I have not written anything on this blog in over a month. It bothers me not to write for such long periods of time, since I know that my influence expands and contracts based on on how often I post. Relationships require frequency of contact to flourish, whether they be personal or business oriented; and the relationship between me as the author and you as the reader is no different.
I am usually mindful of this. Like perhaps many bloggers, I start my own web browsing experience with a number of tabs tuned into my stats from Typepad, Feedburner, Measure Map and others. It is a form of self identification, trying to understand who is paying Attention to me in terms of how many people end up on my page and how they get here- was it a reference to me from somebody else’s blog or was it a search engine query that surfaced one of my prior posts above the algorithmic fold?
In fact, I know relatively little about you. Maybe you subscribe to me through my feedburner API, or else you might show a little cookie to one of my widgets, but I still don’t really get a clear sense of who you are in any personal, dynamic, emotional way. Email introductions are more connected since you reveal yourself as an individual with your own voice. Once in a while I might even run into you at a meeting in person and you will tell me that you are a long-time reader of my blog. These are some but not all of the various ways that you express your presence to me as an active reader. By active I simply mean that you are telling me directly that you are paying Attention to the information I am producing.
The combination of ways that I experience your Attention has created a new upper register of consciousness. It is filled with audients: people like yourself who are tuning into my output and for whom I feel a certain sense of responsibility. It is exceedingly hard to talk of you as a coherent group. What do you who landed here from a Wikipedia article on Wall Street soft dollars have in common with you who saw a reference to me in Fred Wilson’s blog, other than the fact that you are both reading this page? So instead of thinking of you as a single figure in the foreground, it is as if you are a constant murmer of feedback behind me- watching me, no matter what I might be doing, but unavailable to me no matter how much I might want to pay Attention to you.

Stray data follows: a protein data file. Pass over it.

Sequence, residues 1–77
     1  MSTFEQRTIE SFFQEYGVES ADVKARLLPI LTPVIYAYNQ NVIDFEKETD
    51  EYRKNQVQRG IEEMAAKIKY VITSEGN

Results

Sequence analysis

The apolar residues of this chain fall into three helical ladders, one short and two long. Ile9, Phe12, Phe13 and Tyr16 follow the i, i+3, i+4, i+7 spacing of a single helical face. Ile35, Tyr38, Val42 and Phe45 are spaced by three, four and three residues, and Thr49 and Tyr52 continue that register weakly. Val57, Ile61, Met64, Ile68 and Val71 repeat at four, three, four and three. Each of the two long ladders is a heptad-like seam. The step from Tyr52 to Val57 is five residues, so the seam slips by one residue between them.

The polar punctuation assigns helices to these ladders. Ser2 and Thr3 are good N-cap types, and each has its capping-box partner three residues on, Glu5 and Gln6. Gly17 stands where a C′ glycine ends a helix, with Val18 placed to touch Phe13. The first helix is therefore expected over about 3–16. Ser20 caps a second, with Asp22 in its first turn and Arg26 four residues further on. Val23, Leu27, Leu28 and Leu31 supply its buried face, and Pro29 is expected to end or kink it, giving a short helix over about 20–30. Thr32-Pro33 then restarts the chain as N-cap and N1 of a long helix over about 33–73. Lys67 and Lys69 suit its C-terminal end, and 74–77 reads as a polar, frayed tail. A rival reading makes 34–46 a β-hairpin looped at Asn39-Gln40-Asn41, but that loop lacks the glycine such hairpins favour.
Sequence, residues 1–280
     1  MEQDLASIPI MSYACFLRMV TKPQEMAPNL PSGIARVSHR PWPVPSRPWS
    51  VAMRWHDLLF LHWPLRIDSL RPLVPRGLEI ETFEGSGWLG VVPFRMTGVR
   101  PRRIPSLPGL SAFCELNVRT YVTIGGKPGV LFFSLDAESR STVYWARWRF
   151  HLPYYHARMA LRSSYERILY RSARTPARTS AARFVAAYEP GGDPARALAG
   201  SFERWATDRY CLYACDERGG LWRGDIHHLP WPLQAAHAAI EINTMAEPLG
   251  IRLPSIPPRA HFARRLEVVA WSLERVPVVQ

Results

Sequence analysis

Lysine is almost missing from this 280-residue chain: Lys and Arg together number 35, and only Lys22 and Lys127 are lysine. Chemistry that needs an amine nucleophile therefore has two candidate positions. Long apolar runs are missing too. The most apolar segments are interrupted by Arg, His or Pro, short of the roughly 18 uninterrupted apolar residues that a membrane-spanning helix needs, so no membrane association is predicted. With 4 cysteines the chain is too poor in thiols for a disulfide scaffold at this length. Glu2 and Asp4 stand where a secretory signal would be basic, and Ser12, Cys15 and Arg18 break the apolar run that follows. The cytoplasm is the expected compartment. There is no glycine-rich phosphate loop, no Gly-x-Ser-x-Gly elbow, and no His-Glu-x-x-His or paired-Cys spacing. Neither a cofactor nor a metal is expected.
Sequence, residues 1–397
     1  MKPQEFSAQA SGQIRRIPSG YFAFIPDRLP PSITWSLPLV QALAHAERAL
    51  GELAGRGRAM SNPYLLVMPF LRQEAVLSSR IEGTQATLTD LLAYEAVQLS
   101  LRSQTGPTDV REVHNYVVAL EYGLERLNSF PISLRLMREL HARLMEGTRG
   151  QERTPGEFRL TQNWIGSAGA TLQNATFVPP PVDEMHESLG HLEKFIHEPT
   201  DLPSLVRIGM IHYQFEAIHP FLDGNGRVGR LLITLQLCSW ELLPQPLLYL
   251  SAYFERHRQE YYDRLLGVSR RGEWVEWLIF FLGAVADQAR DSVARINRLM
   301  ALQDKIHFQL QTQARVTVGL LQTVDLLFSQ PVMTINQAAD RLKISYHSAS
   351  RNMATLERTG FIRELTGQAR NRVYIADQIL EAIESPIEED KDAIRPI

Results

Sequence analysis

The opportunity to understand the behavior of readers and feed this back to publishers is driving significant product innovation. The most recent example is MyBlogLog which was purchased by Yahoo! before it had a chance to demonstrate its viability as a stand-alone product, much less as a independent business. Lately, tools like this for understanding the (implicit) Attention of readers are improving even faster than those for expressing (explicit) personal information of publishers such as blogging, tagging and rating services.
As I am able to access increasingly fine-grained information about the nature of my audience, the way in which I express myself here on these pages begins to reflect that understanding. It is no longer so simple as writing about something and then waiting for people to show up who are interested in the subject of the post. Now, many of you often show up in advance, announcing your interests immediately. If I dont satisfy your expectations for certain insights while I have your Attention, then I will lose it to others sources. Without your Attention, the writing likely stops. And without the writing, so goes this blog which is a big part of my online identity.
One way of putting it, then, is that the stability of my identity is tied to having access to your Attention statistics.